In the last few days I have followed very closely the waves of zealous knights of free speech who claimed to be Charlie, juxtaposed to the waves of similarly zealous Islamophobe who see a terrorist behind every abhaya and couldn’t wait for something like this to happen to finally believe they were right.
I grew up around Muslim friends, many of which today, also in the name of Allah, help the less fortunate for a living (doctors, lawyes, human right activists), so I know I don’t belong to the muslim=terrorist category. I am also an atheist, so whatever joke or cartoon regarding religion doesn’t really bother me, and in a few occasions Charlie has made me laugh – guilty!
A lot has been said about freedom of speech. The world was compact in condemning the violence and yet rather split when it came to defining the limits -if any- of what we call freedom of speech. How far can we really go? Because as a feminist I do read carefully all the messages I come across and get upset (no, furious.. that’s the word) when I see sexist statements. A lot of the freedom movements have been aimed at granting a kind of freedom or right, but the case of Charlie Hebdo proves how a right can be demanded through other means. Because, as much as we don’t want to admit it, going on a rampage against those who insult your religion on a weekly basis is a more violent form of freedom of speech.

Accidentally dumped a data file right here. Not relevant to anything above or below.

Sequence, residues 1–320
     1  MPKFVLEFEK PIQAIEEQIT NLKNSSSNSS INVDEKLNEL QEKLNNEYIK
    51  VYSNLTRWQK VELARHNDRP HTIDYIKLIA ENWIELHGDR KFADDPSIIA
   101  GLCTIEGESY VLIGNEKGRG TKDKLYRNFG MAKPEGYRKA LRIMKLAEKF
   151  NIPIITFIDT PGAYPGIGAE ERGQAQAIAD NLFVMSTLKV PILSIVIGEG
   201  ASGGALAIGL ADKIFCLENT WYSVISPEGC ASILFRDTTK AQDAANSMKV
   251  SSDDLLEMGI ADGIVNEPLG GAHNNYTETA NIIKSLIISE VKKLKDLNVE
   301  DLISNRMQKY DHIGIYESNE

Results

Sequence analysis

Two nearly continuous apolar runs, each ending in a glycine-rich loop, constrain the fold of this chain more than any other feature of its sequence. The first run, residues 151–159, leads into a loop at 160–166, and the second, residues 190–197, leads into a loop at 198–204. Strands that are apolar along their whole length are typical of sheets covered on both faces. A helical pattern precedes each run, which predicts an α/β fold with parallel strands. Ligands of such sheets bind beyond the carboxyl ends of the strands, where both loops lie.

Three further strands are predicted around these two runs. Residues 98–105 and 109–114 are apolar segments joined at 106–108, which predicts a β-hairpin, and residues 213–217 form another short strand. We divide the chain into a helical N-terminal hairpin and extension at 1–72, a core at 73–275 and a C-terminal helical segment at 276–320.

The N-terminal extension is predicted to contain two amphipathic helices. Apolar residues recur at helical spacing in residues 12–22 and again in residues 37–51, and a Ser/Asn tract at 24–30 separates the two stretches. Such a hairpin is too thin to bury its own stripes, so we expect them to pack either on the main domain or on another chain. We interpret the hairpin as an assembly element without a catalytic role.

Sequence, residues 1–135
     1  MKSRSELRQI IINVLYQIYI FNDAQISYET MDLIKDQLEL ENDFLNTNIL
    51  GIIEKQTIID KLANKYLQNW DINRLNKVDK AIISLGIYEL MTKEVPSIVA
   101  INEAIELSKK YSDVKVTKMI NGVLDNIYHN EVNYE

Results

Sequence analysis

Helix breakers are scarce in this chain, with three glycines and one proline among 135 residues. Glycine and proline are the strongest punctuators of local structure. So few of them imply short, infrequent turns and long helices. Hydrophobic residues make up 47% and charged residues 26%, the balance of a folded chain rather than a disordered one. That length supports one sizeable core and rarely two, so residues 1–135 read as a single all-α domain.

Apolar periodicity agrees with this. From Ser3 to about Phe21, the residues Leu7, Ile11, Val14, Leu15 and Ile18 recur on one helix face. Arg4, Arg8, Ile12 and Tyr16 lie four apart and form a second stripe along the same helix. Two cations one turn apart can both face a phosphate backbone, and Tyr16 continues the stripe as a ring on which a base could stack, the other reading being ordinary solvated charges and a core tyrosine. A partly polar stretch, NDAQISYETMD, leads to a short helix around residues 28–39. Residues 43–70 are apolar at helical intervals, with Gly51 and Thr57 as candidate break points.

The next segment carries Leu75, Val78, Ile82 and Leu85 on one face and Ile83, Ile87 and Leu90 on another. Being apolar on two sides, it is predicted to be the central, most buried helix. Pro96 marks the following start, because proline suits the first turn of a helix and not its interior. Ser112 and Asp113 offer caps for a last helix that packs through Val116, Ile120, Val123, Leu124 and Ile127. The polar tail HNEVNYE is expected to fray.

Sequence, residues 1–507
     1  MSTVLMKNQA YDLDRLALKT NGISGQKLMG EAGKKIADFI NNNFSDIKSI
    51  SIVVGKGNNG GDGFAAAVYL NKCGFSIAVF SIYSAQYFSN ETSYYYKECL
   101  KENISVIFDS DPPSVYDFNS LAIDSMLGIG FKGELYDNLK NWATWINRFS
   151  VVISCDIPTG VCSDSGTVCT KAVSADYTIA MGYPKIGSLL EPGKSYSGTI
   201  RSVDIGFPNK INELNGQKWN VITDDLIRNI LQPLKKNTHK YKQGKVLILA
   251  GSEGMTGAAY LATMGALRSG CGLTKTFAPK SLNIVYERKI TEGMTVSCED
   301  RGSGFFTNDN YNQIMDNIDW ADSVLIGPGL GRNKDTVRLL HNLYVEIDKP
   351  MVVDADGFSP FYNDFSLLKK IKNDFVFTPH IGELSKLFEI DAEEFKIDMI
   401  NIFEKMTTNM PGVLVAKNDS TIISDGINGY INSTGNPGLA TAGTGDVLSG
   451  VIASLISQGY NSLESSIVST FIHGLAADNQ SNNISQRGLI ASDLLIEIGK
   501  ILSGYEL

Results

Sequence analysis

Using terrorism is a powerful and yet dangerous strategy: even if this time the world was quite vocal about the need to prevent islamophobia, the old ladies on the bus will still be uncomfortable about arabs and raids against muslims will continue to be carried out. I waited for a week before saying something about this tragedy, for many reasons, but mostly because I wanted to see what the response of the victims was going to be. And in spite of those who have felt heroic for marching in Paris, in spite of those who have claimed to be Charlie on their facebook page, in spite of those who have broadcasted their humility by asserting not to be brave enough to call themselves Charlie, the only winner is Charlie Hebdo.
The cartoon (Prophet Mohammed holding the sign “je suis charlie”) and the sentence that goes with it “tout est pardonne – everything is forgiven” are the strongest, most disarming weapon the magazine could use. By offering forgiveness, even though I’m sure the ashes of frustration and anger are still burning in each and everyone of those who survived the attack, Charlie Hebdo pulverizes whatever weapon the jihadists may think they are using.
Forgiveness, which is at the base of most monotheistic religions, is granted. Which immediately places Charlie on a higher level: you may attack me but you can’t destroy me, because I am able to forgive.
I’m not sure if I can call myself Charlie or not, I’m not even sure I want to, like everyone I fight my battles, sometimes I win, sometimes I lose, nobody has threatened to kill me yet and I’m probably just an average person with an average life. But now I fear the world I live in, not because of the occasional terrorist, but for all the average Joes like me who now feel “they are at war” and from now on will feel entitled to use violence against anyone they consider a threat.
Charlie has forgiven.